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SqlConnection.Close Method

Closes the connection to the database. This is the preferred method of closing any open connection.

Namespace:  System.Data.SqlClient
Assembly:  System.Data (in System.Data.dll)

public override void Close()

Implements

IDbConnection.Close()

ExceptionCondition
SqlException

The connection-level error that occurred while opening the connection.

The Close method rolls back any pending transactions. It then releases the connection to the connection pool, or closes the connection if connection pooling is disabled.

NoteNote

Pending transactions started using Transact-SQL or BeginTransaction are automatically rolled back when the connection is reset if connection pooling is enabled. If connection pooling is off, the transaction is rolled back after SqlConnection.Close is called. Transactions started through System.Transactions are controlled through the System.Transactions infrastructure, and are not affected by SqlConnection.Close.

An application can call Close more than one time. No exception is generated.

If the SqlConnection goes out of scope, it won't be closed. Therefore, you must explicitly close the connection by calling Close or Dispose. Close and Dispose are functionally equivalent. If the connection pooling value Pooling is set to true or yes, the underlying connection is returned back to the connection pool. On the other hand, if Pooling is set to false or no, the underlying connection to the server is closed.

NoteNote

Login and logout events will not be raised on the server when a connection is fetched from or returned to the connection pool, because the connection is not actually closed when it is returned to the connection pool. For more information, see SQL Server Connection Pooling (ADO.NET).

Caution noteCaution

Do not call Close or Dispose on a Connection, a DataReader, or any other managed object in the Finalize method of your class. In a finalizer, you should only release unmanaged resources that your class owns directly. If your class does not own any unmanaged resources, do not include a Finalize method in your class definition. For more information, see Garbage Collection.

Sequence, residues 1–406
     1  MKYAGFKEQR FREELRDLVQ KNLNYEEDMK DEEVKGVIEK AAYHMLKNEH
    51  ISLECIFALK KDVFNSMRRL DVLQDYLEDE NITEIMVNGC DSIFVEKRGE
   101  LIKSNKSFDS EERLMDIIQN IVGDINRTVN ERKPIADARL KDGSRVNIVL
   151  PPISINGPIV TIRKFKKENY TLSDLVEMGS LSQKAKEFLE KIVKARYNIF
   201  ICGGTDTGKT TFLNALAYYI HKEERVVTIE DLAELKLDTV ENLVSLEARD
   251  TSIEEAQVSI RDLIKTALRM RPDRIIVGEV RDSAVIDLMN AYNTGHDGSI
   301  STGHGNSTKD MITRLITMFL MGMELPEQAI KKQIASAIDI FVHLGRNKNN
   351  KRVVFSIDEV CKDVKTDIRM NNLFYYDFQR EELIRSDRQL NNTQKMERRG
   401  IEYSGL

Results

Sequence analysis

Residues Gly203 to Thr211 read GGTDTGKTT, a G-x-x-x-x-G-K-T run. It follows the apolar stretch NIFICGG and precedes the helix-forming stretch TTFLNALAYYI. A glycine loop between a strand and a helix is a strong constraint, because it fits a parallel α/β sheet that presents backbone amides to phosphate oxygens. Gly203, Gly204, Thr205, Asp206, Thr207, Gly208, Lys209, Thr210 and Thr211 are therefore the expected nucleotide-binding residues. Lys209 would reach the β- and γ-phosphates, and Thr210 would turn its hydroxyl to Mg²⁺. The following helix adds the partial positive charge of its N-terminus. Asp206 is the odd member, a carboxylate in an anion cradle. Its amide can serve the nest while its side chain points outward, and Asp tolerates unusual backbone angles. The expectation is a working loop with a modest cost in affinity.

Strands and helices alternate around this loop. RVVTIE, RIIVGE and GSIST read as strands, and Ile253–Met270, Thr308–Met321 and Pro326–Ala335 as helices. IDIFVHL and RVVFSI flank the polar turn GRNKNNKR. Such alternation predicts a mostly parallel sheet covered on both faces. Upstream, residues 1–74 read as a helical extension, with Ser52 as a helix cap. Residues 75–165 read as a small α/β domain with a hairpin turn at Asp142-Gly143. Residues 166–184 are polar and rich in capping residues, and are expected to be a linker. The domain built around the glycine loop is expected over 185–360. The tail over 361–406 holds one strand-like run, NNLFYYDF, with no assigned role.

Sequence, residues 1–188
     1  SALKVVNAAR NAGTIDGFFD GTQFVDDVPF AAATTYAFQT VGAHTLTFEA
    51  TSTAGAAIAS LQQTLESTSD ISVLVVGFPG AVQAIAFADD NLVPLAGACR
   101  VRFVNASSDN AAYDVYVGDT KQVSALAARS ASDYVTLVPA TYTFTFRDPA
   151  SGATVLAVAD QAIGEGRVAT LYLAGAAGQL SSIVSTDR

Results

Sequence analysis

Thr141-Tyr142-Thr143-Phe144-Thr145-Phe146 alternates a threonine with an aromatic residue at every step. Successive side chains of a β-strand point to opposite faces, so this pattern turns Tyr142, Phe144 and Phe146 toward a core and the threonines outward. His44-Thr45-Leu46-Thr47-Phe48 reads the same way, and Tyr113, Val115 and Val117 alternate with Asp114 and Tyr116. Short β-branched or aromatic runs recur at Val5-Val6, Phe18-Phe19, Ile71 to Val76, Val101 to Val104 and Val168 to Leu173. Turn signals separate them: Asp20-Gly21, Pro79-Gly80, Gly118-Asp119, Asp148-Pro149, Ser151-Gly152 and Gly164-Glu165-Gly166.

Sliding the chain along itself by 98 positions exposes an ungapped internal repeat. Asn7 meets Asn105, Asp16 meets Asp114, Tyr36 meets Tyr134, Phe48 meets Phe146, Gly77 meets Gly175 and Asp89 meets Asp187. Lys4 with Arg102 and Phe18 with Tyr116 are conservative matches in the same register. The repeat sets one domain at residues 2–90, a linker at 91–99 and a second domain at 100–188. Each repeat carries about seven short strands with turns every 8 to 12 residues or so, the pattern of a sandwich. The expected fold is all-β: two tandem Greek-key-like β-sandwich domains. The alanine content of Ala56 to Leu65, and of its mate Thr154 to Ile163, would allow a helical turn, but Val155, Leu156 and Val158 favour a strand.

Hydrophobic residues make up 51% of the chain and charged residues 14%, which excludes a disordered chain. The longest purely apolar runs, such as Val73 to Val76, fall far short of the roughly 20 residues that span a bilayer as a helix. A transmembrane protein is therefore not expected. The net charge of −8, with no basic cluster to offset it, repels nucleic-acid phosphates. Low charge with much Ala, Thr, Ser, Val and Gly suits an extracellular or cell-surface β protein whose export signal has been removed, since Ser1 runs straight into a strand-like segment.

The following example creates a SqlConnection, opens it, displays some of its properties. The connection is automatically closed at the end of the using block.

private static void OpenSqlConnection(string connectionString)
{
    using (SqlConnection connection = new SqlConnection(connectionString))
    {
        connection.Open();
        Console.WriteLine("ServerVersion: {0}", connection.ServerVersion);
        Console.WriteLine("State: {0}", connection.State);
    }
}

.NET Framework

Supported in: 4.5, 4, 3.5, 3.0, 2.0, 1.1, 1.0

.NET Framework Client Profile

Supported in: 4, 3.5 SP1

Windows 8.1, Windows Server 2012 R2, Windows 8, Windows Server 2012, Windows 7, Windows Vista SP2, Windows Server 2008 (Server Core Role not supported), Windows Server 2008 R2 (Server Core Role supported with SP1 or later; Itanium not supported)

The .NET Framework does not support all versions of every platform. For a list of the supported versions, see .NET Framework System Requirements.

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